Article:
New Law is being proposed to ensure that Consumers are not duped

The government is framing a new law to amplify consumer rights. The idea is to empower consumers to sue manufacturers and service providers who dupe them by concealing information in a manner that their purchase decisions are wrongly influenced. Under the proposed law, the firms will also be prosecuted for not issuing receipts of purchases to consumers.

The government is planning to create a simple, inexpensive and quicker justice delivery system, where the consumer can haul up any company, large or small, in a new court called ‘National Consumer Protection Court Authority.’ A brainchild of the consumer affairs, food and public distribution ministry, the new judicial system will work on the lines of the US Federal Trade Commission (FTC).

A draft Cabinet note has already been circulated among various ministries in this regard. According to the note, the penalty will be equal to the value of the product or the service along with an interest. The note proposes to amend the Consumer Protection Act 1986.

Currently, there are certain opportunities under law for the consumers to sue the service providers. For instance, a patient can sue his doctor for withholding information and forcing him to go for an unnecessary surgery. Similarly, a telecom service provider who misleads subscribers through hidden charges while advertising schemes can also be sued. The proposed law would broaden the scope of this tool in the hands of consumers by including other products and services also.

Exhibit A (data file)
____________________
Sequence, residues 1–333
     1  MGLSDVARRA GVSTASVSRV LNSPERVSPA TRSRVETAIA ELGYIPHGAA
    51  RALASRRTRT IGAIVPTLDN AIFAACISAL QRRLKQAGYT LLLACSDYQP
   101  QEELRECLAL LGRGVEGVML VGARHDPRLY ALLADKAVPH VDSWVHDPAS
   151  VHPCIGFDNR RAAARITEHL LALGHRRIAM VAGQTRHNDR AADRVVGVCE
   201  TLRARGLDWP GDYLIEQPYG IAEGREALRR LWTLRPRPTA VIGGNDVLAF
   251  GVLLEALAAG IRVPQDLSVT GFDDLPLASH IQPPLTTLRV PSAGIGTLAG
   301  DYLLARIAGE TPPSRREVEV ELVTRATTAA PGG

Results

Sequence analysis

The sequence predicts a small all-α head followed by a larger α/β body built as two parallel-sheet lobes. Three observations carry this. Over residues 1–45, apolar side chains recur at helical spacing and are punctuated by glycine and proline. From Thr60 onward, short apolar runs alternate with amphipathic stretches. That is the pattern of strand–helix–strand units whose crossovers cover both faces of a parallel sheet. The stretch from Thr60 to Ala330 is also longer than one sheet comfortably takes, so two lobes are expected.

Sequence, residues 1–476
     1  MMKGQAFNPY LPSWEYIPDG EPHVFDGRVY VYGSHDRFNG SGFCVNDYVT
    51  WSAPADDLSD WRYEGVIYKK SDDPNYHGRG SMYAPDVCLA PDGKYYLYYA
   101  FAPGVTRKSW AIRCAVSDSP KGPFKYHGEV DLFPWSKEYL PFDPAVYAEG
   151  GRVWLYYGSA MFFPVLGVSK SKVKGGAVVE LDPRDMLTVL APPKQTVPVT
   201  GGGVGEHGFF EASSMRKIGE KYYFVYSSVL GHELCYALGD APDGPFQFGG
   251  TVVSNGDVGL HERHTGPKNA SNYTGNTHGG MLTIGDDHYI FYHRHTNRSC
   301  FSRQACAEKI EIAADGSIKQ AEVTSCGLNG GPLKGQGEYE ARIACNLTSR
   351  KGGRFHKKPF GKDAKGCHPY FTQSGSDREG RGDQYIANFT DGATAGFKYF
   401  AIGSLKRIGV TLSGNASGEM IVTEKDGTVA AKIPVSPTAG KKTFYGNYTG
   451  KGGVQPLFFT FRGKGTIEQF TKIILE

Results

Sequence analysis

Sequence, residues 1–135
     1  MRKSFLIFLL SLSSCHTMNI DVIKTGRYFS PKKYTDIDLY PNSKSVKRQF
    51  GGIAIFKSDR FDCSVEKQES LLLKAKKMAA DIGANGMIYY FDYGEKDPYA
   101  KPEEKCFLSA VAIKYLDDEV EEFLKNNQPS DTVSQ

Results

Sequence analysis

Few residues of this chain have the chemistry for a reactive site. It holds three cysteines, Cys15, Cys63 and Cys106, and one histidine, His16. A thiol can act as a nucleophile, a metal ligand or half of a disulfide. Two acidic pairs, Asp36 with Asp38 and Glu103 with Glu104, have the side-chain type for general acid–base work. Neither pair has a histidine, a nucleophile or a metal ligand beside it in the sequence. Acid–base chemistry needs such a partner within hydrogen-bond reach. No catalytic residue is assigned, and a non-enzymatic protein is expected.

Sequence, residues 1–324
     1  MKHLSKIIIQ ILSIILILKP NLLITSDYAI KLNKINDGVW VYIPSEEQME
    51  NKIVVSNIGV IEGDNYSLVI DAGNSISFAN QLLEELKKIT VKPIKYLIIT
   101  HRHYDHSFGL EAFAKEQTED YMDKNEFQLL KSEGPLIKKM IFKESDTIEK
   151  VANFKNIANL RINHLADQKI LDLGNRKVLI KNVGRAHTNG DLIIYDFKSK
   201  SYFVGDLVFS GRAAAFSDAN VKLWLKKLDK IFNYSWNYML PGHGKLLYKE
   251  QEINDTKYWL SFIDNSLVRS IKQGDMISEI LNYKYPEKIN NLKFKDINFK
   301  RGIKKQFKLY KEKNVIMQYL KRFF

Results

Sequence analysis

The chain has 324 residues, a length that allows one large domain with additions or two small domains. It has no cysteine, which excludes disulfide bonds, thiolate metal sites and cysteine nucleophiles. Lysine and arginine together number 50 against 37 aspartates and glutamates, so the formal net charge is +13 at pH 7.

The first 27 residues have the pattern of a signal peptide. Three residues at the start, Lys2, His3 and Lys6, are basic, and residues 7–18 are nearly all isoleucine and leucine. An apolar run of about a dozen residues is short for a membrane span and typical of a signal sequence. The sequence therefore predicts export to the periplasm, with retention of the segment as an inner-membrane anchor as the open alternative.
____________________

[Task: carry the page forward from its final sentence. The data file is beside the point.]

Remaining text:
The proposed quasi-judicial authority will aim to deliver speedy justice. Unlike consumer courts, where it takes years for the verdicts to be delivered, it promises justice within 10 days. Its judgment can be appealed only in the Supreme Court. As of now, there is a huge gap between the time a case is filed and the time it comes up for hearing. Also, as per the Bill, any request for adjournment of a case would have to be accompanied with genuine reasons.

The proposed move will also define ‘unfair contract’ to protect the weaker party from incurring losses arising out of unfair trade practices. The Consumer Protection (Amendment) Bill will replace the Consumer Protection Act, 1986, which will help in faster disposal of consumer cases.

There are 35 state consumer disputes redressal commissions and 610 district consumer forums in the country. There is one National Consumer Disputes Redressal Commission at the apex level. About 29,000 cases were filed in these forums up to 2008.

-      Adv. R. P. Rathod.